Judging from the growing number of official remarks, central banks – in a standalone capacity and jointly – have been discussing what to do in the event of major disruptions to the European payments and settlement system. The immediate focus is, of course, Sunday’s highly uncertain election in Greece. But the contributing factors go well beyond this as they are entwined in Europe’s increasingly messy debt and banking circumstances.
In welcoming such signs of responsible contingency planning, it is important to distinguish between what central banks can deliver and what they are incapable of doing. In the context of today’s complex crisis in Europe, these critical institutions have essentially been reduced to the role of fire brigades. They can try to reduce the risk of a fire and, should one occur, stand ready to fight it and contain damage. But, acting on their own, they are unable to alter materially the behaviour of those who place whole neighbourhoods at risk.
Through both emergency liquidity operations and the willingness to stand as a solid counterparty in dysfunctional markets, central banks can offset (but not eradicate) disruptions to the payments and settlement system. Most critically, they can reduce the devastating impact of market “sudden stops,” which are the equivalent of economic and financial heart attacks for capitalism.
Recent statements from a host of officials – including Mario Draghi, European Central Bank president, Mervyn King, Bank of England governor, and Timothy Geithner, US Treasury secretary – suggest this is indeed on the to-do list of major central banks. And the output, should it be necessary, would come in the form of both individual measures and globally co-ordinated ones.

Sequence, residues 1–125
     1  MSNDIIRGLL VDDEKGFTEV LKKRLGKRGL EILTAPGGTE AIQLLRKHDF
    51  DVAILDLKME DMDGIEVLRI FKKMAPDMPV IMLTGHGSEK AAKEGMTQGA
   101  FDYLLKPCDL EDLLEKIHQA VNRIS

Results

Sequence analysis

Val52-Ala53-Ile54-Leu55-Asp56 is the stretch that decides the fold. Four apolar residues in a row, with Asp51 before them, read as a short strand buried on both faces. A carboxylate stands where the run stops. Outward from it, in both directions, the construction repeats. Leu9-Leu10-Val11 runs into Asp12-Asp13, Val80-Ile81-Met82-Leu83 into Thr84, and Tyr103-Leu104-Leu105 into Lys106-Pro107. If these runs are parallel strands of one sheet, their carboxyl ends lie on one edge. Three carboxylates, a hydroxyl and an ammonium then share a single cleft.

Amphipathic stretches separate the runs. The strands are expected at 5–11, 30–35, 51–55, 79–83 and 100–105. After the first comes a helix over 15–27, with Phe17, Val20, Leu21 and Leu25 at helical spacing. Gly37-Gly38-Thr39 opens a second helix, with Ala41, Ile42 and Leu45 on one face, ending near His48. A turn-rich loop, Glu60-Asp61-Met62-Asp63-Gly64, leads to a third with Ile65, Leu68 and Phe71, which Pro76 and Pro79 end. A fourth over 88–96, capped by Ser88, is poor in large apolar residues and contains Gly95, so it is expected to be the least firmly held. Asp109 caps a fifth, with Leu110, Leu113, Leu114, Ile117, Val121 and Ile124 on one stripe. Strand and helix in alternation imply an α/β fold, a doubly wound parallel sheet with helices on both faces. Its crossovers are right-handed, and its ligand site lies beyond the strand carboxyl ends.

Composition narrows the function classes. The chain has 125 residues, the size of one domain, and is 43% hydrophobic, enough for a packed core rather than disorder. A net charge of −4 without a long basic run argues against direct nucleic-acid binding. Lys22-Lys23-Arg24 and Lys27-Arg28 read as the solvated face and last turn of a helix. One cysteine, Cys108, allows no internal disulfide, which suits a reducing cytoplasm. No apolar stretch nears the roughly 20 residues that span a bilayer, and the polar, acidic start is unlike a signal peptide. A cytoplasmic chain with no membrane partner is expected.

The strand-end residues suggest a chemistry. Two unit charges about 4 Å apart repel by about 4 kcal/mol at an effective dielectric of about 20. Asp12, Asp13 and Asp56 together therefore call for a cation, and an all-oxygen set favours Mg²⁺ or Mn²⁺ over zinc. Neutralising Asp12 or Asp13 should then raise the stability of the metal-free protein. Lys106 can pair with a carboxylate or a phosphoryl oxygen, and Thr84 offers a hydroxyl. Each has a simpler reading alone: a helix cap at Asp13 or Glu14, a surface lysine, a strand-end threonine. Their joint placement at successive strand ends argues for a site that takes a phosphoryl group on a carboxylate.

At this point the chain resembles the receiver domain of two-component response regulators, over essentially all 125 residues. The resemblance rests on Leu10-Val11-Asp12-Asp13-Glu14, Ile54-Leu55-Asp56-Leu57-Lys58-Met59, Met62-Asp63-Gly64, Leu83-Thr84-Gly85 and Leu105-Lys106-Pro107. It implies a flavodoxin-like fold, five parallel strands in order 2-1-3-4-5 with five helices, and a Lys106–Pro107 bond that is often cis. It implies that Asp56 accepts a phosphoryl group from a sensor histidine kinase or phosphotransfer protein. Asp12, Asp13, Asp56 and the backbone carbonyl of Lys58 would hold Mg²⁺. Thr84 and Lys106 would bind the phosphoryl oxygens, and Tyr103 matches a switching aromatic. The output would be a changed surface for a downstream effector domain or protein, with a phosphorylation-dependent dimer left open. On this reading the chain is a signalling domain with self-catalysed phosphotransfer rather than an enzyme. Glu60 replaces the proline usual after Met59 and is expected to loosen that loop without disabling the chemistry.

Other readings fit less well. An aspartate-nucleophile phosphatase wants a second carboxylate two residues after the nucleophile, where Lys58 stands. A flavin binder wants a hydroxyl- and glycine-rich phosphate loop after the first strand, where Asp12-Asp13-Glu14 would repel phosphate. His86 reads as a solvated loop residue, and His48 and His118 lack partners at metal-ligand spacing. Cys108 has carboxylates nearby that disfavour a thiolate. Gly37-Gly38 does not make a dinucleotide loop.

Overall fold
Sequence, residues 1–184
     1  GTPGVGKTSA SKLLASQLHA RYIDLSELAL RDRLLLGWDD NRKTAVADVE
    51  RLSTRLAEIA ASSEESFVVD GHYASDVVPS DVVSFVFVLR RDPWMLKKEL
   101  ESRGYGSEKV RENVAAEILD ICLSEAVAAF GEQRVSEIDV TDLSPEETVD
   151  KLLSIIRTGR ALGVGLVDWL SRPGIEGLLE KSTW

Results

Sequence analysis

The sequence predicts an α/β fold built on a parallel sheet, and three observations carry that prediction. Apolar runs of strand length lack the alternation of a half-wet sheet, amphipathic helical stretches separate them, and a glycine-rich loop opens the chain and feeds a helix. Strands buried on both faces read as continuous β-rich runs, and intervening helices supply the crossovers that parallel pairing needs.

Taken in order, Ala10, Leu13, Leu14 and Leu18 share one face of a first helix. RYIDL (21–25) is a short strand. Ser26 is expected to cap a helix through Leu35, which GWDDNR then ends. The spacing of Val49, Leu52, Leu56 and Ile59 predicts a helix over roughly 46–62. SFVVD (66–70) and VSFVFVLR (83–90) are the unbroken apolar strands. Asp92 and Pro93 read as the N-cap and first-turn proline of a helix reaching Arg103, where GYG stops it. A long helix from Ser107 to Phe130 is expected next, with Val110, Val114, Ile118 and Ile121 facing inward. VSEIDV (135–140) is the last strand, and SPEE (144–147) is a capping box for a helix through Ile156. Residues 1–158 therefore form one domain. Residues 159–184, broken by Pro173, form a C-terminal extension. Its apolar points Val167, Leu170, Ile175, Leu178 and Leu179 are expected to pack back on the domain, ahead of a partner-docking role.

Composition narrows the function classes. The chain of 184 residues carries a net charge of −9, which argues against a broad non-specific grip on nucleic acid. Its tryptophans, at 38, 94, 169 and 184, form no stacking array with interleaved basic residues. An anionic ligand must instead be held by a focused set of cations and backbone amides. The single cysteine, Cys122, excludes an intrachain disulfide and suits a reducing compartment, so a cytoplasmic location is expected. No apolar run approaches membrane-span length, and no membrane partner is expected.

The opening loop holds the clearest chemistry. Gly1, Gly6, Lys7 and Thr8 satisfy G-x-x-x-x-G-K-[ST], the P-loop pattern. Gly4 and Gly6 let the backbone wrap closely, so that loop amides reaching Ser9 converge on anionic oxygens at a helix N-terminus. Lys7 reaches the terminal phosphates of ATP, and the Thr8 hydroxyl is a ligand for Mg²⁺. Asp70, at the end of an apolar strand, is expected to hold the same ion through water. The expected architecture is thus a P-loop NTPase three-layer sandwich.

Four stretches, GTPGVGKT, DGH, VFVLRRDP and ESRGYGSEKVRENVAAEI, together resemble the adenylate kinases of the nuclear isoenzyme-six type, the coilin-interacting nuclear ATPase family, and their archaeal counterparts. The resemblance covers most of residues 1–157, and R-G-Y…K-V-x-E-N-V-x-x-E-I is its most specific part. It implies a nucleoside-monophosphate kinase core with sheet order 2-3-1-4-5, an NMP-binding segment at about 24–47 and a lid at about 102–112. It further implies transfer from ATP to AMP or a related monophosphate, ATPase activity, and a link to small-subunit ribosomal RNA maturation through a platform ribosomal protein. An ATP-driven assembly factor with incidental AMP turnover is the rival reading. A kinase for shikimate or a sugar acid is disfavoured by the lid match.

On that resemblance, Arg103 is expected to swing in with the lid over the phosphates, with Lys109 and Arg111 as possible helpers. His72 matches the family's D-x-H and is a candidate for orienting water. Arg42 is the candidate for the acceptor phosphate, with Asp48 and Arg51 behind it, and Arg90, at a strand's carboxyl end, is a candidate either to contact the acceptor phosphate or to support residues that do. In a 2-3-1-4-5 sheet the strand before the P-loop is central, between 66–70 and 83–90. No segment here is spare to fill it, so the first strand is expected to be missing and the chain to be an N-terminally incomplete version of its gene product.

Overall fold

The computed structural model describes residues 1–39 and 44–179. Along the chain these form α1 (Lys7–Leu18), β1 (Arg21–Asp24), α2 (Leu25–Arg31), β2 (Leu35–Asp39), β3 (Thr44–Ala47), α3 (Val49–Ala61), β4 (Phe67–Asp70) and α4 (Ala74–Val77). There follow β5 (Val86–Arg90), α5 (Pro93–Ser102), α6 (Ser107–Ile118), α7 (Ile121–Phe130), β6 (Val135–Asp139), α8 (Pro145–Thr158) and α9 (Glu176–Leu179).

But central banks are not the reason why Europe faces the tail risk of catastrophic disruptions. If anything, they have been working hard to prevent Europe from getting into the mess it finds itself in today. This, in turn, speaks to the critical policy distinction between willingness, ability and effectiveness.
While certainly willing and partially able, central banks have not been effective in severing the major “feedback loops” that erode on a daily basis the integrity of the eurozone, discourage private capital inflows and undermine the wellbeing of the global economy. Specifically, acting on their own, they do not have enough instruments to stop the bad interactions between weak banks and deteriorating sovereign creditworthiness. They have even fewer tools to stop individual country problems from contaminating what is an increasingly synchronised global slowdown. And they are powerless when it comes to breaking the adverse feedback loop between bad economics and bad politics.
Simply put, if they are not joined by more effective responses on the part of politicians and other government agencies, the best central banks can do is to slow marginally the steadily eroding impact of the west’s triple threat – of too little growth, too much debt and excessive political polarisation. And in pivoting from crisis prevention to crisis management, they can (and are) on alert to clean up the mess, but cannot counter all of the damage.
This reality is yet another indication of the extent to which the west has become hostage to a never-ending series of emergency tactical responses when what is critically needed is also a set of coherent strategic decisions. This leaves central banks in the role of a consistently scrambling fire brigade. And the longer they are in this role, the greater the erosion in their effectiveness to deal with an ever increasing number of fire threats.